LATEST: PREMIER Annastacia Palaszczuk says she remains confident of securing a second term in office as counting continues, and has batted away questions on any potential crossbench deals should the Labor Party fall short.
"We are still confident of securing a majority," the Premier said as she met with her newest MPs at a park in the now Labor electorate of Mount Ommaney in Brisbane's southwest this afternoon.
"I want a Labor majority and I am confident I will get a Labor majority."
She would not say if she would be willing to negotiate with Katter's Australian Party or Rockhampton Mayor Cr Margaret Strelow, who is closing in on the Rockhampton electorate, should Labor not reach the 47 seats it needs to govern in its own right.
"I'm not even thinking about that," she said.
EARLIER: Tim Nicholls says he's still waiting for the official result of the election and it's too early to comment on any potential LNP leadership spill.
The ABC's election analyst has called the election for Labor but the LNP are still awaiting the result of a host of close seats.
"It's now in the hands of the scrutineers, the votes have been cast and we just wait for them to be counted and we'll see what happens and what the outcome of the people of Queensland is," he said.
Asked whether he expected a leadership ballot, he said he was just focused on having an enjoyable coffee with his family, supporters and deputy Deb Frecklington.
"I'm not going to talk about any of those sort of things today ... we're going to celebrate a great campaign that had a positive message," Mr Nicholls said. - Jessica Marszalek
PREDICTION: THE ABC's election analyst Antony Green has called the Queensland election for Labor.
Green says the party led by Annastacia Palaszczuk will see the count out with 48 seats, one more than the 47 required to stay in power.
He predicts the LNP will win only 39 seats.
Predictions are also in for the Greens and One Nation, who he expects to win one seat each.
Noosa is also set to be won by an Independent candidate.
EARLIER: THE outcome of the Queensland election is still undecided, but Premier Annastacia Palaszczuk is confident Labor will secure the 47 seats it needs to form a majority government.
Counting will resume at 9am, but a result could be days away.
The count has been complicated by One Nation's decision to preference the Greens last and all sitting MPs second last, and the reintroduction of compulsory preferential voting.
At the end of counting on Saturday night, with around 60 per cent of the votes in 93 seats were counted, Labor was ahead on 43 seats with the LNP on 34. Katter's Australian Party retained its two seats.
Ten seats are still undecided, and pre-polling and postal votes could eventually determine the make-up of the newly expanded 93-seat parliament.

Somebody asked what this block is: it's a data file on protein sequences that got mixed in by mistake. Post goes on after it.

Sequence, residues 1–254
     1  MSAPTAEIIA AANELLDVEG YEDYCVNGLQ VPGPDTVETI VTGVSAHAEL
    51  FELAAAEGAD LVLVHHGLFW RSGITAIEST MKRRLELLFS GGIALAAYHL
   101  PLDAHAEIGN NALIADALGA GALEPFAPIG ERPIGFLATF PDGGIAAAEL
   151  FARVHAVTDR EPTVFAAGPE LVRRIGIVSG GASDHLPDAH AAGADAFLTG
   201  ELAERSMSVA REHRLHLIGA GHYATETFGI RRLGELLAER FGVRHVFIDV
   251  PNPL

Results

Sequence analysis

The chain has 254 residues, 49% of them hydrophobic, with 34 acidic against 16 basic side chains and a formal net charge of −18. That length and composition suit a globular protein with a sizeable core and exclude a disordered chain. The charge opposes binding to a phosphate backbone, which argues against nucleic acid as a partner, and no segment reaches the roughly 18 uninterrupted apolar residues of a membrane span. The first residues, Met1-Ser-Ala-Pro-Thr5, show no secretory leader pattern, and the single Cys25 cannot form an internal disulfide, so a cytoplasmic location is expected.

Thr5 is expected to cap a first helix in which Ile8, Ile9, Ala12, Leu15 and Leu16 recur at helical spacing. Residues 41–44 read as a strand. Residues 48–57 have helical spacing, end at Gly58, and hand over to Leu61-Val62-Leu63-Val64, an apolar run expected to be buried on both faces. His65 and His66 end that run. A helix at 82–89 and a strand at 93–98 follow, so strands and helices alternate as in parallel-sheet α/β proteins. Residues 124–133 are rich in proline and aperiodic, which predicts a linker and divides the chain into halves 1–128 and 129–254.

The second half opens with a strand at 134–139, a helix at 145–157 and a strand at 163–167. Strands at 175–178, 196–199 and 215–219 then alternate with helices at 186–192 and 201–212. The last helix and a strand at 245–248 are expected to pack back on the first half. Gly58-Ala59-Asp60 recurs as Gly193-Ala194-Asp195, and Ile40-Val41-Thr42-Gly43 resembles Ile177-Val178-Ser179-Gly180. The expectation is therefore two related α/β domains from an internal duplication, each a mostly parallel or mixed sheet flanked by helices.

In a bad night for the LNP, three opposition frontbenchers in Scott Emerson, Ian Walker and Andrew Cripps were likely to lose their seats.
It was an even worse night for Pauline Hanson's One Nation party which is yet to pick up a seat and lost its state leader, Steve Dickson, and star candidate Malcolm Roberts when they failed to make an impact in Buderim or Ipswich. The Greens lost to Jackie Trad in South Brisbane, but the party's candidate Amy MacMahon savaged the deputy premier's big majority.
On Saturday night, Ms Palaszczuk said she expected Labor would be able to govern for the next three years in its own right.
"Tonight, we are close to the peak but we are not quite there and we will not get there tonight. But I remain confident we will be able to form a majority Labor government."
During the four-week campaign, Ms Palaszczuk ruled out striking any deals with minor parties or independents and put the pressure on the LNP, who were linked to an "unholy" One Nation alliance, to do the same.
Opposition leader Tim Nicholls was quick to put put the pressure on Ms Palaszczuk to keep her word and not do any deals with the Greens, KAP or One Nation.
LNP leader Tim Nicholls on election night. Picture: Josh Woning/AAP
"That was her promise," he told his supporters. "Will she keep her word?"
"Queenslanders have voted to shake things up and it's clear the premier has not won a majority in her own right."
EARLIER: ANNASTACIA Palaszczuk is relying on a handful of electorates swinging her way in order to retain her grip on power without breaking her "no deals" commitment.
The Premier was last night in the box seat to form government, claiming at least 43 of the 93 seats in the new parliament compared to the LNP's 37.
But about 11 electorates across Queensland remained too close to call last night including Cook, Thuringowa, Rockhampton, Mundingburra, Macalister and Noosa where the LNP's Glen Elmes looks poised to lose his seat to Independent Sandra Bolton.
Ms Palaszczuk will need at least five of those seats to fall Labor's way to reach the 47 seats she needs to govern in her own right.
Otherwise she faces the prospect of having to seek out a deal despite repeatedly ruling out doing a deal with any crossbenchers to form minority government should she fall short.
The Premier said she remained confident no deal would be needed last night as she addressed the party faithful at a function her Inala electorate as she compared the election to climbing Mount Everest for the second time, referencing her 2015 win.
"Tonight we are close to the peak but we are not quite there and we will not get there tonight but I remain confident that we will be able to form a majority Labor Government once all the votes are counted," Ms Palaszczuk said.
Recriminations were already starting in the LNP after the Opposition suffered an eight per cent drop in its primary vote on its 2015 result.
Opposition frontbencher Tim Mander last night said he believed former Premier Campbell Newman had lost the LNP its second election.
LNP Leader Tim Nicholls himself suffered a swing of about four per cent against him in his electorate but was expected to hold on, albeit with a reduced margin.
He last night challenged Ms Palaszczuk to keep her word and not "do deals" in order to hold Government.
"What is abundantly clear is that tonight Queenslanders have voted to shake things up," he said.
"The question for Annastacia Palaszczuk is will she keep her word," he said.
He indicated he may stay on as Opposition Leader, telling the party faithful he would not give up on his push to deliver a "better Queensland".
Whether he will remain Opposition leader after the result is unclear with a leadership ballot expected at the next party room meeting.